This study investigated owner misperceptions of canine body shape and identified associated factors that would allow targeted interventions for preventing or treating canine obesity for high-risk owner groups. Owners were asked to rate dog body shape according to 5 descriptions: far too thin, a bit thin, just right, a bit overweight, or very overweight. Each dog also had a body condition score (BCS) assigned by a participating veterinary professional. Results for 680 dogs were used. Owner misperception was classified into 3 categories: correct estimation, underestimation, and overestimation. Misperception of canine body shape occurred in 44.1% of owners, with the most common being underestimation (ie, owners who thought their animal had a leaner shape than the BCS indicated). Male owners were 1.8 times more likely to underestimate their dogs’ body shape than female owners. Owners with dogs with nonideal body shapes appeared to normalize their perception by underestimating overweight dogs and overestimating underweight dogs. Owners of underweight and overweight animals were more likely to estimate their dogs’ shape correctly in the oldest age category of dogs (9–18 years of age); adult dogs (4–9 years of age) were most at risk for body shape misperception. This may indicate that owner attitudes on acceptable body shape change over a dog’s lifespan; subsequently, owner education on nutrition should be continued throughout a dog’s life.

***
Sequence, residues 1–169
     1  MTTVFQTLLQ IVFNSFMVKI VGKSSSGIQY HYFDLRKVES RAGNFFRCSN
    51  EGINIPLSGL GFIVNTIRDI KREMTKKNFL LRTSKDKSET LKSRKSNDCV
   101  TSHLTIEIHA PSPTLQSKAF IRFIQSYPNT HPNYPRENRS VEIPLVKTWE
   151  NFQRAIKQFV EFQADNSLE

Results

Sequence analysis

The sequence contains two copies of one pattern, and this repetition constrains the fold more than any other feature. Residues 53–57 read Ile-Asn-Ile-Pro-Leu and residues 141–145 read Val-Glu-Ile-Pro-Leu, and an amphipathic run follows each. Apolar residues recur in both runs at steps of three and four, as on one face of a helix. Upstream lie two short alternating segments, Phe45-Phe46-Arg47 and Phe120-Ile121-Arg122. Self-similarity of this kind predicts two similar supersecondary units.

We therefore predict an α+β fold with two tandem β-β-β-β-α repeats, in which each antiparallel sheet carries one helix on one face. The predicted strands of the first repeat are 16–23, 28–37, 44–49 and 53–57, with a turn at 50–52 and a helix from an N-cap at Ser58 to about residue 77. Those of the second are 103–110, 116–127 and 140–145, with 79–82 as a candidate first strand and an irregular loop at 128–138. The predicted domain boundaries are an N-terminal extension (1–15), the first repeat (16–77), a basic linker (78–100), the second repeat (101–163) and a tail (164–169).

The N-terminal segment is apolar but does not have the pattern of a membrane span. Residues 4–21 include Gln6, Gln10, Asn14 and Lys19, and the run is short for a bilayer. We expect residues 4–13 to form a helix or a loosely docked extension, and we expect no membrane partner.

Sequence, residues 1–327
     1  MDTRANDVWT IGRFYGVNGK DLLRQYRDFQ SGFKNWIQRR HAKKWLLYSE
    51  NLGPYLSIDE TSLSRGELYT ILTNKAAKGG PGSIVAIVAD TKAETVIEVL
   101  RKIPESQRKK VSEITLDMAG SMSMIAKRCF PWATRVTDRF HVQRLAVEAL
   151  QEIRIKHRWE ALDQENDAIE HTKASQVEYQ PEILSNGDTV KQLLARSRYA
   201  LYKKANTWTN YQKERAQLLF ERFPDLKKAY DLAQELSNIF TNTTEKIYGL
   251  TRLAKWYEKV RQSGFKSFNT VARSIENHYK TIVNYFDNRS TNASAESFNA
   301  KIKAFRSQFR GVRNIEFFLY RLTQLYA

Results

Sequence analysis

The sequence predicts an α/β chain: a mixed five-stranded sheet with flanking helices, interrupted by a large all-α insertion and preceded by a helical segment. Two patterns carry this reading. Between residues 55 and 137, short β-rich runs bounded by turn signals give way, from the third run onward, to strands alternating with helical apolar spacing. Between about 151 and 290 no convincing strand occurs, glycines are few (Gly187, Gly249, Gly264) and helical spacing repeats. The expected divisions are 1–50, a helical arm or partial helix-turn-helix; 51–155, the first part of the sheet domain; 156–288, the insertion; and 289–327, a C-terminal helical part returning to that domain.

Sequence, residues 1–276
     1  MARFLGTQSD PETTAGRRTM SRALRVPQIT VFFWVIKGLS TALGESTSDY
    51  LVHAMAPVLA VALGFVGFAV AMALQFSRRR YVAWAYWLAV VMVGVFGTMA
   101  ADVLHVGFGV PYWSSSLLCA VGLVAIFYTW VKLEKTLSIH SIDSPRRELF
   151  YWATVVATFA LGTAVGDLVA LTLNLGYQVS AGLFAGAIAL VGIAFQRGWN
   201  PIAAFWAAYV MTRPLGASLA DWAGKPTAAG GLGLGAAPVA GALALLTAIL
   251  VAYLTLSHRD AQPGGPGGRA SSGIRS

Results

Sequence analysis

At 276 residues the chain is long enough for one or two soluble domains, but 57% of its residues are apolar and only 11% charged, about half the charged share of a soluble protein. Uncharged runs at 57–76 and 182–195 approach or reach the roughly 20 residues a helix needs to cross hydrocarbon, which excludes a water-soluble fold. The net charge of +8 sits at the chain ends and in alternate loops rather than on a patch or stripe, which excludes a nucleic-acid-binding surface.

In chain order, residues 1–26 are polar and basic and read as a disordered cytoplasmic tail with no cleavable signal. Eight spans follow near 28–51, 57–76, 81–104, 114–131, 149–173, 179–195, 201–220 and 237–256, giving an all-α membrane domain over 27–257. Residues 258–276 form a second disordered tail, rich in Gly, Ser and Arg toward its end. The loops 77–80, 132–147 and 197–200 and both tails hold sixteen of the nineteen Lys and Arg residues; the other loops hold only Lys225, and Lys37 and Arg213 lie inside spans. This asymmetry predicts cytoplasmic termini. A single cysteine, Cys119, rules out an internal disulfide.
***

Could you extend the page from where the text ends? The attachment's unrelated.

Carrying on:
Obesity is the most common nutritional problem of dogs and cats. This paper demonstrates what we have always suspected: Dog owners commonly do not recognize that their dogs are overweight. This is unfortunate because obesity increases the risk for disease and modest increases in body weight have been demonstrated to shorten the life of dogs prone to arthritis. Veterinarians often fail to address the issue or even document body condition in their notes. Veterinarians have an opportunity to educate their clients about a condition that is readily responsive to intervention, as well as being a potential source of revenue.—Richard C. Hill, MA, VetMB, PhD, MRCVS
A cross-sectional study of the prevalence and risk factors for owner misperception of canine body shape in first opinion practice in Glasgow. Courcier EA, Mellor DJ, Thomson RM, Yam PS. PREV VET MED 102:66-74, 2011.